Thousands of workers demonstrated at the state capital in Madison, Wisconsin on February 15 and 16 to protest plans by that state's Republican Governor Scott Walker to take away the state workers' union rights. Walker, cleverly attempted to divide the public workers by excluding police and firefighters from his anti-union law, and the media have worked to divide public employees against private sector workers. Yet, both firemen and private sector workers showed up at the statehouse to join public workers of all sorts in what has been one of the largest workers' demonstrations in the United States in decades. Only California has seen demonstrations as large as these in recent years.
Many demonstrators, taking a clue from the rebellions against authoritarian and anti-worker governments that are sweeping the Middle East, carried signs saying, “Let's negotiate like they do in Egypt.” While the situation in Wisconsin is hardly comparable to the revolution in the Arab world, what we are witnessing is the beginning of a new American workers' movement. Because this movement is so different than what many expected, it may take us by surprise.
Many of us, myself included, had for years expected a rank-and-file workers' movement to arise out of shop floor struggles in industrial workplaces, out of the fight for union democracy, and out of the process of working-class struggle against the employers. While that perspective still has much validity, something different is happening. The new labour movement that is arising does not start in the industrial working-class (though it will get there soon enough), it does not focus on shop floor issues (though they will no doubt be taken up shortly), it is not primarily motivated by a desire for union democracy (though it will have to fight for union democracy to push forward the leaders it needs). And it does not, as so many American labour movements of the past did remain confined to the economic class struggle (though that too will accelerate). It is from the beginning an inherently labour political movement.
The new movement that is arising does not focus on the usual issues of collective bargaining - working conditions, wages, and benefits - but focuses rather on the political and programmatic issues usually taken up by political parties: the very right of workers to bargaining collectively, the state budget priorities, and the tax system which funds the budget. The new labour movement, because it has begun in the public sector, will not be so much about the process of class struggle as it will be about how class struggle finds a voice through political program. This will have tremendous implications for the traditional relations between the organized labour movement and the Democratic Party, especially since the Democrats, from Barack Obama to state governors like Andrew Cuomo, are also demanding that public employees give up wages, benefits, conditions and rights.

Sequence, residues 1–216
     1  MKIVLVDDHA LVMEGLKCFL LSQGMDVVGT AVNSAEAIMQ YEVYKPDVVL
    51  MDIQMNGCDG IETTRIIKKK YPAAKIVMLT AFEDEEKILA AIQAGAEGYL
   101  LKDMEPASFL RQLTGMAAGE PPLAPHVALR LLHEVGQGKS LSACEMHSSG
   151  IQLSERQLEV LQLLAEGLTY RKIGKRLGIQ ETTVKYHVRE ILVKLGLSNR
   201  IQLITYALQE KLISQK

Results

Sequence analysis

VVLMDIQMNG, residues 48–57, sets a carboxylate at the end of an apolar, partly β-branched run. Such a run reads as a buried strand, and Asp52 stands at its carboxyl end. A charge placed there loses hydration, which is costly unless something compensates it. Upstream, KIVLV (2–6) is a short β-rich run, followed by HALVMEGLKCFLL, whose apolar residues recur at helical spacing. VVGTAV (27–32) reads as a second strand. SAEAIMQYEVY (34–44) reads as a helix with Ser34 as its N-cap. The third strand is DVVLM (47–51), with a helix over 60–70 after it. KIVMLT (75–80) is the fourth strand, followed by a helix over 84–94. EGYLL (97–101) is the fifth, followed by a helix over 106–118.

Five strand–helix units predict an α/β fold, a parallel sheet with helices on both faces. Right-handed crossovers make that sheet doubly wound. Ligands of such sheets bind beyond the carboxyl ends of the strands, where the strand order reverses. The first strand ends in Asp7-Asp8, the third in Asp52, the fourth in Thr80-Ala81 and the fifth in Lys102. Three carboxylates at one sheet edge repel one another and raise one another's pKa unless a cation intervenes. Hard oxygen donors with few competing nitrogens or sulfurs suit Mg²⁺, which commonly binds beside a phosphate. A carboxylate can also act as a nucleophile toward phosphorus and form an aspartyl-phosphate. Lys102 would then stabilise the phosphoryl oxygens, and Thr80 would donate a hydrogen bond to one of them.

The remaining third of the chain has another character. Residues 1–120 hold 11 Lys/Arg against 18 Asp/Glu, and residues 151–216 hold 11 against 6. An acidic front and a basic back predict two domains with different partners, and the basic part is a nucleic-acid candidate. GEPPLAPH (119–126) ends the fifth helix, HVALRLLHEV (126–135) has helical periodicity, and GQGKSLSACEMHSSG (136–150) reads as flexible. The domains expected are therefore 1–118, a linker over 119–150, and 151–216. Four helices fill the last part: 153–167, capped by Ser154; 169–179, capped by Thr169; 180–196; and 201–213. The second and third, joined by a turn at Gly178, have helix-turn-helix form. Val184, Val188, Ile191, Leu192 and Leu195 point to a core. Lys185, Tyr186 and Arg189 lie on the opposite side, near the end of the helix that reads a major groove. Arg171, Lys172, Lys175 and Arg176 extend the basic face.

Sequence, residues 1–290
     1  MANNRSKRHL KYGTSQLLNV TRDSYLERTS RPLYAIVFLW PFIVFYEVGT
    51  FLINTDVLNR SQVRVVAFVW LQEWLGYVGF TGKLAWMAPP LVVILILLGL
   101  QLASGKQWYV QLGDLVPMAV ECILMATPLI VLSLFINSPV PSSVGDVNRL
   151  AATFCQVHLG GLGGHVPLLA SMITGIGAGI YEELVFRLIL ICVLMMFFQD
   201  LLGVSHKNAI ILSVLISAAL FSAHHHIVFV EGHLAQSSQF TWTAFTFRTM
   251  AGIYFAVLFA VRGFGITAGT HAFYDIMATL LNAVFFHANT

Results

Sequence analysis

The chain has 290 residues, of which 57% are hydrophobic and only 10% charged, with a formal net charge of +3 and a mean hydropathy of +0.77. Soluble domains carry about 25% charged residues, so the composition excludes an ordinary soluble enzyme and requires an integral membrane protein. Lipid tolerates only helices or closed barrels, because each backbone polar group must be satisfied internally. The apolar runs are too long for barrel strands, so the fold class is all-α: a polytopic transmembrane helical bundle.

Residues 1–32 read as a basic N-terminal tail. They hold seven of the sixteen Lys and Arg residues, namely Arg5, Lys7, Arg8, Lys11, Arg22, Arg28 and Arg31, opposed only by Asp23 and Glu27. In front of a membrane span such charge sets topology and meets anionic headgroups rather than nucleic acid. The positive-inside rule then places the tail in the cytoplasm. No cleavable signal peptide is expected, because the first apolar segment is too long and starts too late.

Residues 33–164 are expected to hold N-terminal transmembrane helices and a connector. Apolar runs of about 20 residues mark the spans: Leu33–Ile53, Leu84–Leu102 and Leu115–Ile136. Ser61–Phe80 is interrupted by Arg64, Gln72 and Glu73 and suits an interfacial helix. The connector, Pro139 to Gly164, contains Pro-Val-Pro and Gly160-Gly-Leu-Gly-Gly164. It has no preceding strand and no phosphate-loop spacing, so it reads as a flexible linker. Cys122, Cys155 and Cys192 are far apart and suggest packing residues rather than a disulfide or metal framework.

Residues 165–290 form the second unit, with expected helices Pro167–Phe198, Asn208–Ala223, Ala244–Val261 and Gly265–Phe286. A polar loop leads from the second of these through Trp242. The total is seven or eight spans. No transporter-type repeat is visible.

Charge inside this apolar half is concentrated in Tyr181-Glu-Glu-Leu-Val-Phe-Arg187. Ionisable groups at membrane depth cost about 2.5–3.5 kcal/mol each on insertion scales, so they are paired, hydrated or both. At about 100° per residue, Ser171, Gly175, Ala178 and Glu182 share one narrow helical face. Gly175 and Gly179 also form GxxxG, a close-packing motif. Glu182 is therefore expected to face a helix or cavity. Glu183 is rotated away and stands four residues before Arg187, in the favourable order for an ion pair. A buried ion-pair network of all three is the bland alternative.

We have for decades in the United States thought of the working-class as being made up of those workers of railroad, mine and mill whose calloused hands produced the material wealth of this nation over 200 years, that is, since the first factories were opened in the Northeast in the 1790s. Industrial workers though have been declining as a percentage of the population since the 1920s and have diminished at an accelerated rate since the 1950s. Since the 1980s the decline of industrial workers as a proportion of the wage earning class has been dramatic. In the old days, skilled workers, almost all white men, came as immigrants from the countries of Western and Northern Europe, while the unskilled industrial workers were immigrants from the South and East of Europe, whites from Appalachia, and African Americans from the South's plantations. While most of those industrial workers were male, millions of women also toiled in textile mills, garment shops, and other workplaces. Those workers created the Knights of Labor in 1869, American Federation of Labor (AFL) in 1886, the Industrial Workers of the World (IWW) in 1905, and finally in the great labour upsurge of the 1930s won the legal right to organize with the Wagner Act of 1935 and built the Congress of Industrial Unions (CIO).
The post-war period saw the expansion of government as millions found jobs not only in streets and sanitation, the water works, and as teachers, but also as social workers, public health nurses, and college professors. Another labour upsurge in the 1960s and 1970s led to the establishment and rapid growth of public employee unions of all sorts: the American Federation of Teachers (AFT), the National Education Association (NEA), the American Federation of State County and Municipal Employees (AFSCME), and the American Federation of Government Employees (AFGE). These public workers were far more racially diverse than many of the private sector unions, made up white, African American, and Latino workers, of men and many women.
Public employees in the 1960s and 70s won the rights to union recognition, collective bargaining, and the strike through hundreds of strikes, large and small during those two decades. The newspapers' front page often carried the photo of some teacher or social worker, nurse or secretary, sanitation worker or park employee being carried off to jail for striking with the union. The most famous of these strikes, perhaps, was the AFSCME Local 1733 strike by African American sanitation workers of Memphis, Tennessee. Dr. Martin Luther King, Jr., the leader of the civil rights movement, was there to help those workers with their strike, when he was assassinated.
Today we in the labour movement are at a turning point. American employers, political parties, and government at all levels have decided that the time has come to move against what is the last bulwark of American unionism: the public employee unions. As of the latest count by the Bureau of Labor Statistics, only 11.9 per cent of all workers are in unions, and only 6.9 per cent in the private sector. In the public sector, however, public employee unions represent some 36.2 per cent of all workers, and the number is even somewhat higher among teachers. America's political and economic elite are looking for the final solution to the labour problem - and we are not getting on the trains and going to the camps.